Having 2 really young children has put a curb on my golfing opportunities so when my wife told me to take a golfing holiday I jumped at the opportunity and planned a trip to Norfolk and Lincolnshire. Royal West Norfolk was first on my list of three courses (Hunstanton and Woodhall Spa being the other two - reviews to follow). Having a few weeks to plan meant that I booked a tee time, spent hours reading reviews about the course and building up my expectations. The drive to the course is special. As you wind through the reeds on the causeway, you can see the club house on top of the dunes in the distance and you start to get a feel for the isolation of the place. Being a lone golfer was an issue because of the two ball rule which RWN operate. When making my booking I did ask if they could pair me up someone else but it seems that no member would dare play alone and as such I made my way out by myself. The walk to the first tee is also unique. Crossing the sandy walkway to Brancaster beach, up the wooden pathway and through the wrought iron gates quickens your pulse in expectation. I was immediately met by a foursome coming off the 18th green with 3 dogs in tow. It seems that having a dog is almost mandatory for members. Dogs are allowed to run off the leash and each tee has a water bowl for their refreshment. I think this policy is refreshing and more clubs should think about adopting this. The course itself was slightly disappointing due to a lack of elevation changes that I would expect from a links course. The bunkering, though, is spectacularly beautiful and I was caught out a few times by bunkers which I could not see from where I was playing from. The huge bunker on the par 3 15th is especially fabulous. The routing of the course is good and you play to all points of the compass. The flatness of holed 7 to 11 make judging distances difficult and I found myself under clubbing quite a bit. I did play on a very benign day and the course was without its usual defense mechanism. The greens are small which means that you have to be very accurate with your approach shots. This is a solid links course but I do think that Hunstanton is a better course despite what the rankings might say. I did enjoy my day out despte playing alone and would recommend a round here to anyone who enjoys their golf.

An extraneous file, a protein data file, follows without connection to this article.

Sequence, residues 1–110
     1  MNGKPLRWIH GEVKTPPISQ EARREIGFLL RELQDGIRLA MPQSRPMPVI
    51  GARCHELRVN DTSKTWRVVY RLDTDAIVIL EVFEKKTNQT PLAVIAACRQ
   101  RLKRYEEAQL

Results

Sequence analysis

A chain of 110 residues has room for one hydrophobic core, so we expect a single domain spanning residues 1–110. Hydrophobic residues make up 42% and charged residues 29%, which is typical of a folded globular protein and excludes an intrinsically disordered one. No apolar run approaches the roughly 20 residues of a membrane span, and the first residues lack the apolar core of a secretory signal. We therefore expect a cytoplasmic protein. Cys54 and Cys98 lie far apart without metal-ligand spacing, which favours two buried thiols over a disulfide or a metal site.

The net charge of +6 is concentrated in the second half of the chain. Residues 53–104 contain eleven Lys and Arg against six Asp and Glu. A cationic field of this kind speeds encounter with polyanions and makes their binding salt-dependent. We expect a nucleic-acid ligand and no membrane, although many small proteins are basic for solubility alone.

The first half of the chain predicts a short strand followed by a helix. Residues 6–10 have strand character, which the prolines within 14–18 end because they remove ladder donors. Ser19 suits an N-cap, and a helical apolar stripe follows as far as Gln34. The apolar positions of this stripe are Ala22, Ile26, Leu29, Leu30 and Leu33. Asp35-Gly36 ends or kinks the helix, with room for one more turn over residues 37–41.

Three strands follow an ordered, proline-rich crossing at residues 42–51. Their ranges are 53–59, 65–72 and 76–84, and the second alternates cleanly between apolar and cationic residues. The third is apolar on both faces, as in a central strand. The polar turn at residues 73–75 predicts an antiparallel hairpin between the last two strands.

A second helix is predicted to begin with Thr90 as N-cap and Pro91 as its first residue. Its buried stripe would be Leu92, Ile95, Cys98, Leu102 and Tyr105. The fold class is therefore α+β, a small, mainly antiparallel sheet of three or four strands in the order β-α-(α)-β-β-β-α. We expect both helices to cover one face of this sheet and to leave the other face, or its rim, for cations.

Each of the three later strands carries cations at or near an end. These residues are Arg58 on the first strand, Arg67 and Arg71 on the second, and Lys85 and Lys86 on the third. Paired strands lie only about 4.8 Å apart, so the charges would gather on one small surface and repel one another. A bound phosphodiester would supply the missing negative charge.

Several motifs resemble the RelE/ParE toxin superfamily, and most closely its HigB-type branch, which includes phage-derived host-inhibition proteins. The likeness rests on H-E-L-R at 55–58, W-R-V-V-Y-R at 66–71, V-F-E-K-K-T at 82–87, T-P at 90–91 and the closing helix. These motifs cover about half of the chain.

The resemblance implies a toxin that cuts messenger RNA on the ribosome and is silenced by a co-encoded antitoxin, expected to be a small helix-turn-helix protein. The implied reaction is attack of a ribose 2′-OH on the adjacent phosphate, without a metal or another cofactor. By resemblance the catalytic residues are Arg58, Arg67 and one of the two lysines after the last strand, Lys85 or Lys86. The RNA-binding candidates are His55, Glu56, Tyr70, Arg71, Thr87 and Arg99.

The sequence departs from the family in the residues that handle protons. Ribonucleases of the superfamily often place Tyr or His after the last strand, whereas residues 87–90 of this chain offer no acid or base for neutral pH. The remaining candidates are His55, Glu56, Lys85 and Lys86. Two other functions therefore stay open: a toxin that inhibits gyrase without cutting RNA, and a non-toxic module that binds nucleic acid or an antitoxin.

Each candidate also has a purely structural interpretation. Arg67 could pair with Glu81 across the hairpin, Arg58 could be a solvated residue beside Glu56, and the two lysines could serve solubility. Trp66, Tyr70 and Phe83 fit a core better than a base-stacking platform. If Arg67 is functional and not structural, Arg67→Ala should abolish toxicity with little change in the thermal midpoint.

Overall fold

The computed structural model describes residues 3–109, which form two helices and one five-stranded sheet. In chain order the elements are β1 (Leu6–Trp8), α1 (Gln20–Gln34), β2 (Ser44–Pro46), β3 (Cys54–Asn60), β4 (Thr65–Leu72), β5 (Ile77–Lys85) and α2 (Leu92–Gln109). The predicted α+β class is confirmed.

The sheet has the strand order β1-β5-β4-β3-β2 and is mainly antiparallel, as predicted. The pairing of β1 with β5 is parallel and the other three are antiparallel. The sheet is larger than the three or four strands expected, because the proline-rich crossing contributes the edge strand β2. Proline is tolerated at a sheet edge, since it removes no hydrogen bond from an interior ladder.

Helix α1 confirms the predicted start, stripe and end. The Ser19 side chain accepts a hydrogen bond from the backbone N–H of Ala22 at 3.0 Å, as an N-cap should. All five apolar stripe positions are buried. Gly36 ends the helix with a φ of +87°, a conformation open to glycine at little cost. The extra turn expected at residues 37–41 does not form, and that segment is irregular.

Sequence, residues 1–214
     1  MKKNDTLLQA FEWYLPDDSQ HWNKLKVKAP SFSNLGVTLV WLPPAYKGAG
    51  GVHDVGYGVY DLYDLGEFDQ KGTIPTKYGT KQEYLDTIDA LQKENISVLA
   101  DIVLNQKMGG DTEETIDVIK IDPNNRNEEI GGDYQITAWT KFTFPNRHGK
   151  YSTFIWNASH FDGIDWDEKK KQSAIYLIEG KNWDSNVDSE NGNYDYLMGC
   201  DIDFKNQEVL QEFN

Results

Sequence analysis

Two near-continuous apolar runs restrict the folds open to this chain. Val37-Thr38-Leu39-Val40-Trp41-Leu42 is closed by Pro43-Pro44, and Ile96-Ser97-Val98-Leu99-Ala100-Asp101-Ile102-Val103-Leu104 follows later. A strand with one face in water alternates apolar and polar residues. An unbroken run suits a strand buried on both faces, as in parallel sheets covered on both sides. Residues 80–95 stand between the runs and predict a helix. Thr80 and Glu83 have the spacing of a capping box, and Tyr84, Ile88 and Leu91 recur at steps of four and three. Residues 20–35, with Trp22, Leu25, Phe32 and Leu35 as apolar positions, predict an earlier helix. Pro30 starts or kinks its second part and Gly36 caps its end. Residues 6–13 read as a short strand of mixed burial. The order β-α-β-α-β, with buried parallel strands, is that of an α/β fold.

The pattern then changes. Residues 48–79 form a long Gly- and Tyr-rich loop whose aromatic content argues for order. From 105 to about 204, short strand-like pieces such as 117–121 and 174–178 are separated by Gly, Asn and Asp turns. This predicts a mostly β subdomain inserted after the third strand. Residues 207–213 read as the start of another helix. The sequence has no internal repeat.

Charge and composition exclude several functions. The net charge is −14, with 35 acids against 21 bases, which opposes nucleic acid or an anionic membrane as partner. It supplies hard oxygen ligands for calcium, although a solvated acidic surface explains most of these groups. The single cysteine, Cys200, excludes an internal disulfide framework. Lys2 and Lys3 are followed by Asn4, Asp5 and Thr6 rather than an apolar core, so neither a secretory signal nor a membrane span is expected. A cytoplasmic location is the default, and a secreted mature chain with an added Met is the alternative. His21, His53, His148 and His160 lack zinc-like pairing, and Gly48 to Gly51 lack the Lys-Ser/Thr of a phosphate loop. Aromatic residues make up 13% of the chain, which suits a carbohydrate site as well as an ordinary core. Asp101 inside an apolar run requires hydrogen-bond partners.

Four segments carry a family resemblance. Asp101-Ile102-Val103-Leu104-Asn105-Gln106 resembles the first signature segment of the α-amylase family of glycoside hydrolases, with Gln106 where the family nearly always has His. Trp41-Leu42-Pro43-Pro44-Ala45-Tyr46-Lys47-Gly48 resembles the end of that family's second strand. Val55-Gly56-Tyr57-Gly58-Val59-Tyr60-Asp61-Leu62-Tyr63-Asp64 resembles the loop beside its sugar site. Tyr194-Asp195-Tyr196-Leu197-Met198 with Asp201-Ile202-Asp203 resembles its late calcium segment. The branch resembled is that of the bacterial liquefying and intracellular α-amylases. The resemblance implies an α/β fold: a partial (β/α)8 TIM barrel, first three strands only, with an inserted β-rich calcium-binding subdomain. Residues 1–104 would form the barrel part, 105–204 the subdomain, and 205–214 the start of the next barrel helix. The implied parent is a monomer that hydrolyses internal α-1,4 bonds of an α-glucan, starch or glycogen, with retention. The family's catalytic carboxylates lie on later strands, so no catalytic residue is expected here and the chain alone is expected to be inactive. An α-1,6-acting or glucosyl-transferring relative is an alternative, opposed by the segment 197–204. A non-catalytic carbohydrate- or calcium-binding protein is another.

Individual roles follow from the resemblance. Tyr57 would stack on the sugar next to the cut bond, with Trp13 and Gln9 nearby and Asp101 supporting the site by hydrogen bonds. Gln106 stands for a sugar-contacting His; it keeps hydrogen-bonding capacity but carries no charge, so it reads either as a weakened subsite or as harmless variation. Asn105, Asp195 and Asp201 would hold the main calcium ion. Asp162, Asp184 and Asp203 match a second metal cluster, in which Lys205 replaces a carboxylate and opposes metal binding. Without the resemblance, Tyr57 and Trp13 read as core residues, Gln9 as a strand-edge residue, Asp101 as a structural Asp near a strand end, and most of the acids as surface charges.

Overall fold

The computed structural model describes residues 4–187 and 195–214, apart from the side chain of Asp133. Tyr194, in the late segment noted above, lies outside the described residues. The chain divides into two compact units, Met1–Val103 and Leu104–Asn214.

November 09, 2009